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Threat Brief: OMI Vulnerabilities (CVE-2021-38645, CVE-2021-38647, CVE-2021-38648 and CVE-2021-38649)

A conceptual image associated with the threat brief series, such as this post covering recent OMI vulnerabilities and how to remediate.

This post is also available in: 日本語 (Japanese)

Executive Summary

On Sept. 14, 2021, Microsoft’s Security Response Center (MSRC) released security patches detailing the findings of four critical vulnerabilities affecting the Microsoft Azure package Open Management Infrastructure (OMI). The open-source OMI package is designed to provide a portable infrastructure backbone for web-based management tools, such as diagnostic monitoring, log analytic services and automation functionality within UNIX and Linux systems. OMI is used by Microsoft Azure to manage UNIX packages within Azure virtual machines (VMs), containers and serverless cloud instances. According to Microsoft’s security release notes, any system created, or which has updated its OMI package, after Aug. 11, 2021, should automatically be patched.

Four Critical OMI Vulnerabilities

The four critical vulnerabilities discovered by security researchers from Wiz include one unauthenticated remote code execution (RCE) and three privilege escalation vulnerabilities.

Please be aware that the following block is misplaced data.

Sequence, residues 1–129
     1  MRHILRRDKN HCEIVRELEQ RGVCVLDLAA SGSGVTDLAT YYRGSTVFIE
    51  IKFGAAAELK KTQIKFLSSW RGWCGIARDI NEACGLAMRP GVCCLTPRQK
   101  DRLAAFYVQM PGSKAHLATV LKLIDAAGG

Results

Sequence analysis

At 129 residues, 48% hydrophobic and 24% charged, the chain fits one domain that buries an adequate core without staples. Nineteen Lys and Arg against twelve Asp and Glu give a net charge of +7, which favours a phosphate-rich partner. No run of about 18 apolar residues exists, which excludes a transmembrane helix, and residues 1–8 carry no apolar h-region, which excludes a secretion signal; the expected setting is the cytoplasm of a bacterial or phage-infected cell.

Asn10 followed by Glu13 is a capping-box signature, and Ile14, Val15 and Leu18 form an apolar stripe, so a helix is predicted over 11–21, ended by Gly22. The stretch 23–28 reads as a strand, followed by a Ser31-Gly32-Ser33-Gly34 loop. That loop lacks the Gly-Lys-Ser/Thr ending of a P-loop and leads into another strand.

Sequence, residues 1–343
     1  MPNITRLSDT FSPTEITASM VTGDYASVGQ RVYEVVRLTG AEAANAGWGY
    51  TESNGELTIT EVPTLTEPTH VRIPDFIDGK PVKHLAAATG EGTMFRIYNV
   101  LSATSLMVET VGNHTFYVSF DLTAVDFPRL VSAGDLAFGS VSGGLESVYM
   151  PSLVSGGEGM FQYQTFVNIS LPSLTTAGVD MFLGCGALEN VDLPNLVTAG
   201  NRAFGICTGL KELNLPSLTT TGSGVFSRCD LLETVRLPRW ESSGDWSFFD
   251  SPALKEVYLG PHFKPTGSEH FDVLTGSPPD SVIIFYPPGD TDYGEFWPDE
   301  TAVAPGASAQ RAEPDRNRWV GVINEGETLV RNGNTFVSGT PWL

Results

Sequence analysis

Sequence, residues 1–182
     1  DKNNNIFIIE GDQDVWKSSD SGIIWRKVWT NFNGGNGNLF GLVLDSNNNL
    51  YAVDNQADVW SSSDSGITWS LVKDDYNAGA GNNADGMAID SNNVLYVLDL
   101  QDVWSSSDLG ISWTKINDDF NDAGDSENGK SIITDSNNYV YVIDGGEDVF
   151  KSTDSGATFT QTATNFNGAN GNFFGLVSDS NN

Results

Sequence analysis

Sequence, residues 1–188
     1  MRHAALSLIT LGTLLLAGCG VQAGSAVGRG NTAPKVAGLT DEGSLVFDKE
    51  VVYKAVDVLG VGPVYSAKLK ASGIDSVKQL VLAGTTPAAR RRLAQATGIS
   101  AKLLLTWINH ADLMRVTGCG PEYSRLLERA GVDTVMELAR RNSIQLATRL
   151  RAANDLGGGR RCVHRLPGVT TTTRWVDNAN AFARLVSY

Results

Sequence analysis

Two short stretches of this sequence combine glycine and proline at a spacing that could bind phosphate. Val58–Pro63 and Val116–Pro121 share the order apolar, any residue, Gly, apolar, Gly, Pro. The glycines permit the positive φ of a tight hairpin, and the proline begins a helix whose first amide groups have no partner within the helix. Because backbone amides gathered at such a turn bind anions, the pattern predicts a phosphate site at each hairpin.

Dubbed OMIGOD, the four vulnerabilities were found to directly affect Azure cloud instances using the following Azure services:

  • Azure Automation
  • Azure Automatic Update
  • Azure Operations Management Suite
  • Azure Log Analytics
  • Azure Configuration Management
  • Azure Diagnostics

Prisma Cloud Compute Defender agents can detect whether any Azure system is vulnerable to any of the four CVEs. Additionally, Prisma Cloud users can also build a custom vulnerability detection rule to identify if any system is running an OMI package with a version previous to 1.6.8.1.

To build a custom vulnerability detection rule, open Prisma Cloud and navigate to the following page:

  • Compute > Manage > System > Custom Feeds > Custom Vulnerabilities > Import CSV
  • Create a csv file and populate that file with the following text:

name,type,package,minVersionInclusive,maxVersionInclusive,md5
OMIGOD,package,omi,*,1.6.8.0,

Palo Alto Networks Azure-based VM- and CN-Series Firewall instances do not use the OMI package and are not vulnerable to the OMI critical vulnerabilities.

Remediation

Prisma Cloud will create an alert for any system which maintains an OMI package vulnerable to the OMI critical vulnerabilities. Should a system be identified as vulnerable, the following steps should be taken for that Azure Cloud Instance:

  1. Log on to the Azure instance using SSH.
  2. Execute the following command:
    1. Debian – sudo apt list omi
    2. CentOS – sudo yum list omi
  3. Determine if OMI version is < 1.6.8.1.
  4. If the system maintains an older version of OMI, perform the steps listed within the OMI GitHub Page.

Conclusion

On Sept. 14, 2021, security researchers from Wiz released a report detailing the findings of four critical vulnerabilities affecting the Microsoft Azure package OMI. Dubbed OMIGOD, the four vulnerabilities were found to directly affect Azure Cloud Instances. Palo Alto Networks Azure-based VM and CN Series Firewall instances do not use the OMI package and are not vulnerable to the OMI critical vulnerabilities. Customers of Prisma Cloud have the ability to create alerts to detect vulnerabilities.

Additional Resources